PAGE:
About The Kimberley Institute (KI)
The Kimberley Institute Limited is a not for profit organisation conceived in 2006 by local Kimberley leaders who recognised the need for the establishment of an independent think tank which could assist and facilitate core activities relating to:
- undertaking and applying research
- developing and analysing policy
- undertaking and supporting political engagement
- seeking and supporting partnerships for outcomes
After extensive cross-sector consultations, KI was established in 2008 in Broome, Western Australia. Since its inception, KI has facilitated and managed the implementation of a number of capacity and value-building research projects through ongoing collaborative partnerships in areas of significant international, national and local importance. This work, in addition to practical and capacity building support of community-based organisation’s provided by KI – occurs within the vision of building an inclusive regional society which supports the social, cultural, spiritual and economic well-being of Kimberley people.
‘Community Well-Being From the Ground Up: a Yawuru Example’ 2016
Kimberley Institute (KI), Yawuru, Centre for Aboriginal Economic Policy Research (CAEPR) at the Australian National University (ANU), Bankwest Economic Centre at Curtin University, Nagala Jarndu
Development of well-being indicators as defined by Yawuru people, according to their values and beliefs. Following the settlement of Native Title and the self-determination that follows, it is necessary to understand whether or not policies and practice changes are improving Yawuru well-being. This has potential to be a model for other PBC’s in other regions.
‘The Broome Model’: Collaborative Investment Partnership (Collective Impact) – ongoing
Kimberley Institute (KI), Shell Australia, Ernst & Young, LotteryWest +25 community organisation’s
In 2013, KI began the facilitation of a collaborative cross-sector partnership involving over 25 local organisation’s, Shell Australia, Ernst & Young and LotteryWest; to develop a place-based shared outcome measurement tool. The Broome Model is an exciting and innovative Social Impact mechanism which has been used to demonstrate appropriate community responses and effective mitigation strategies to social concerns; in addition to improved efficiencies and cost-savings when utilising shared outcome processes and methodologies.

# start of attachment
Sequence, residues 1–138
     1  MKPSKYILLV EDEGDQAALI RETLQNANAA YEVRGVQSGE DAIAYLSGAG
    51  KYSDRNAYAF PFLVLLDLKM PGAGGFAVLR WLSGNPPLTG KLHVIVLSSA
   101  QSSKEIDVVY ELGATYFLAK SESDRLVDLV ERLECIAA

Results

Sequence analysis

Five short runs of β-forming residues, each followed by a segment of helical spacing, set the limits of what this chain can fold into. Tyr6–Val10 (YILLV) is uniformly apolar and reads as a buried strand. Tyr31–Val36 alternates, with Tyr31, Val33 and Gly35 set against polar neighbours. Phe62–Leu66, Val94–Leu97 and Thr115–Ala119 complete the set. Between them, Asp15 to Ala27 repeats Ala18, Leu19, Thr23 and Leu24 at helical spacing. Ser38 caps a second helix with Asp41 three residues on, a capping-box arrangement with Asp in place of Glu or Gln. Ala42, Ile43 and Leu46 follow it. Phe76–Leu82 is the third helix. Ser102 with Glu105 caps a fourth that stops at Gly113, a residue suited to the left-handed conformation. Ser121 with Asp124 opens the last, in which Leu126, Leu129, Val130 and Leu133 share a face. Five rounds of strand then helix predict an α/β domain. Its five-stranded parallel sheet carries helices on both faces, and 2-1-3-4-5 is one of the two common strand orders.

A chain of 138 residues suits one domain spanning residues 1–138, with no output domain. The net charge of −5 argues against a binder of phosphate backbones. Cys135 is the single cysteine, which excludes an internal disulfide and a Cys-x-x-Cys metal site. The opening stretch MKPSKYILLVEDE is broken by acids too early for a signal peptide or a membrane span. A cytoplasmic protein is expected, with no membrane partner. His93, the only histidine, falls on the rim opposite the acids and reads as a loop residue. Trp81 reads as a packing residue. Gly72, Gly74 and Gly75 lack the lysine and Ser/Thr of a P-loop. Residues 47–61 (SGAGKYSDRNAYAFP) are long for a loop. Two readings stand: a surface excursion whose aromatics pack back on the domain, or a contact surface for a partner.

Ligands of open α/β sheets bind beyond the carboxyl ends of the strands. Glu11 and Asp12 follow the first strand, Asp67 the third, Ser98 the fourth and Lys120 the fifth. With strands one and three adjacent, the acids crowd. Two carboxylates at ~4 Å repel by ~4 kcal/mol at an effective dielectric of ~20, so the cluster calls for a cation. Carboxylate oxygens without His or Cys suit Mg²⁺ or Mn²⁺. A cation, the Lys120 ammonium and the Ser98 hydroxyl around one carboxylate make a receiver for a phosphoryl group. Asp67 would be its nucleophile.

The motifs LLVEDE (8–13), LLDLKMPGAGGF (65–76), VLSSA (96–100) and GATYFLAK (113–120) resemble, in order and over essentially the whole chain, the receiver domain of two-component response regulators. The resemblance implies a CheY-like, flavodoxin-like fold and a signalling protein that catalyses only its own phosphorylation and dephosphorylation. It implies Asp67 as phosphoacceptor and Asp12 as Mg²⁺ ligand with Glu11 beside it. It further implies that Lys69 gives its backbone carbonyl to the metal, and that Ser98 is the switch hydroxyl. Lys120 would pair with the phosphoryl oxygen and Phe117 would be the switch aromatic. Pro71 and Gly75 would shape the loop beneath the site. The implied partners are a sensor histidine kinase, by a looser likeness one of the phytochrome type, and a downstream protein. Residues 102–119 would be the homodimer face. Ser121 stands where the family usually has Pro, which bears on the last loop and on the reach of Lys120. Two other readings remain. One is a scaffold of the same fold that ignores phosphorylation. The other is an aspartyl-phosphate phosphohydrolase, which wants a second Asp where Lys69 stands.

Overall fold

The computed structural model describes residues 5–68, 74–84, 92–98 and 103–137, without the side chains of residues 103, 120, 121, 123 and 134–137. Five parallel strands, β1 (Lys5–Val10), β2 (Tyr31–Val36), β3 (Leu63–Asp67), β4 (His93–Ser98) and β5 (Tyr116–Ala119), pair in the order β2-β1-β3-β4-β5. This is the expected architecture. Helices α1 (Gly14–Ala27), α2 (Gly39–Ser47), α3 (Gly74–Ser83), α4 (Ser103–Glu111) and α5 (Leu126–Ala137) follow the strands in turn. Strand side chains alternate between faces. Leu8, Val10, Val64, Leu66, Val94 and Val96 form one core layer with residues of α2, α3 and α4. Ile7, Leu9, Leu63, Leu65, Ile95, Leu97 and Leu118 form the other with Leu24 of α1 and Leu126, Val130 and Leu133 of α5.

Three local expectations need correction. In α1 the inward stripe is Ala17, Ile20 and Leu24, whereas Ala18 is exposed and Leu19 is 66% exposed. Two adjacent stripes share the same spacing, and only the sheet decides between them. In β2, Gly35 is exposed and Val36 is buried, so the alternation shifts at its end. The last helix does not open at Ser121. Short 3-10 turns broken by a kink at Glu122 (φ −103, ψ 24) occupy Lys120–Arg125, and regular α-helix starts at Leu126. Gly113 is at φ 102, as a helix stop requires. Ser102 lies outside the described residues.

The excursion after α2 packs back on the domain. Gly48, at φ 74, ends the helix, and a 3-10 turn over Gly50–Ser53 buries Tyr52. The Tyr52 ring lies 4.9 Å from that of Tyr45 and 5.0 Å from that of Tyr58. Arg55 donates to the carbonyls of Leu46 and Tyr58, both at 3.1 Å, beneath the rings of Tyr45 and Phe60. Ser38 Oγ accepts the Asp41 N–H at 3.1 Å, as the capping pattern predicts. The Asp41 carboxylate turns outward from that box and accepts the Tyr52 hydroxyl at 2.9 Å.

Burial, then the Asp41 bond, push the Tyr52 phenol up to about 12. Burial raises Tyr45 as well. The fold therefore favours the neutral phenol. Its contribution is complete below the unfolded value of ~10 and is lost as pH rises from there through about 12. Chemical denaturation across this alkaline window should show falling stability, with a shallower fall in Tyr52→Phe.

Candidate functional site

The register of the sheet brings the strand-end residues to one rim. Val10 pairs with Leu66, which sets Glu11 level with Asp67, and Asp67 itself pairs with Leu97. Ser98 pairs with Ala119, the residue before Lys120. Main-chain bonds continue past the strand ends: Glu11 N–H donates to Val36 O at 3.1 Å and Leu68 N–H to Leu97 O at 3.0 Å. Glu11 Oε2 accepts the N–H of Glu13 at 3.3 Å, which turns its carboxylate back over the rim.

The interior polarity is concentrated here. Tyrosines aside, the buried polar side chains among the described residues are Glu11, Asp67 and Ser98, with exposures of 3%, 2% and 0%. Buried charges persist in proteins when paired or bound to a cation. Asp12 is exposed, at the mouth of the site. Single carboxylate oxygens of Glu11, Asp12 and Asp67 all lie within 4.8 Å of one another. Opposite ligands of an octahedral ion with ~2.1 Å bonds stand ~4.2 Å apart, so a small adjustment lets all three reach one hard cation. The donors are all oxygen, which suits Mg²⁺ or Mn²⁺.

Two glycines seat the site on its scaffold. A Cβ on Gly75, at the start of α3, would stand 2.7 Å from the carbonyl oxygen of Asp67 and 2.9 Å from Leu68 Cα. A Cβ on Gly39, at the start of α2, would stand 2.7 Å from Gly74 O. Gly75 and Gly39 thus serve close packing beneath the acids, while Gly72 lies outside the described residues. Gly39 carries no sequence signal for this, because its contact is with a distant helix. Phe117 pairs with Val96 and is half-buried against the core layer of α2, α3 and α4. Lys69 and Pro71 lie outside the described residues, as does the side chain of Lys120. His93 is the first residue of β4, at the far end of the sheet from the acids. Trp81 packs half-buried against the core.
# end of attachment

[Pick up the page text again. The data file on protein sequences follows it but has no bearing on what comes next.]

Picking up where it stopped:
‘Kimberley Knowledge Partnership’- ongoing
- Long standing partnership with Kimberley Institute and the Northern Australia Land and Sea Management Alliance
- Collaborative Research Network (CRN) partnership between KI, University of Western Australia, Australian National University (ANU), University of Notre Dame Australia; in the development of research capacity in the Kimberley region
‘Knowing our Community: Yawuru Household and Population Survey’ 2011
Kimberley Institute (KI), Nyamba Buru Yawuru (NBY), Australian National University (ANU)
Outcomes/impact of study
- Individual, family and community social and economic capacity-building e.g. transition pathways and further training and work opportunities
- Ongoing cross-sector community relationship-building
- NBY access to necessary demographic statistics utlized in the development of organisation programs e.g. Yawuru housing scheme
- Data is utilised to inform broader cross-sector policy planning for both Yawuru-specific and non-Yawuru programs
- An ongoing demand for similar surveys from other Prescribed Body Corporates (PBC’s).
Yawuru Hospitality Strategy, 2009
Kimberley Institute (KI), Nyamba Buru Yawuru (NBY), Australian Government
- Development of a concept plan facility in Broome for Indigenous visitors and homeless people in Broome.
- Multifaceted design incorporating access to programs delivered by not-for-profit service providers
- Broader strategy exploring response to homelessness and overcrowding in Broome
“Wings to Fly; Our World, Our Place, Our Future ” Indigenous Youth Leadership Forum, 2009
Jodie Bell, Goolarri Media……. ‘people who went through those programs have gone on to work in government and communities – the program really helped with this.’
Stephen Bamba Albert, Aboriginal Leader … ‘yes there is positive feedback from the youth that we cared – we know that they have gone on to do better things’.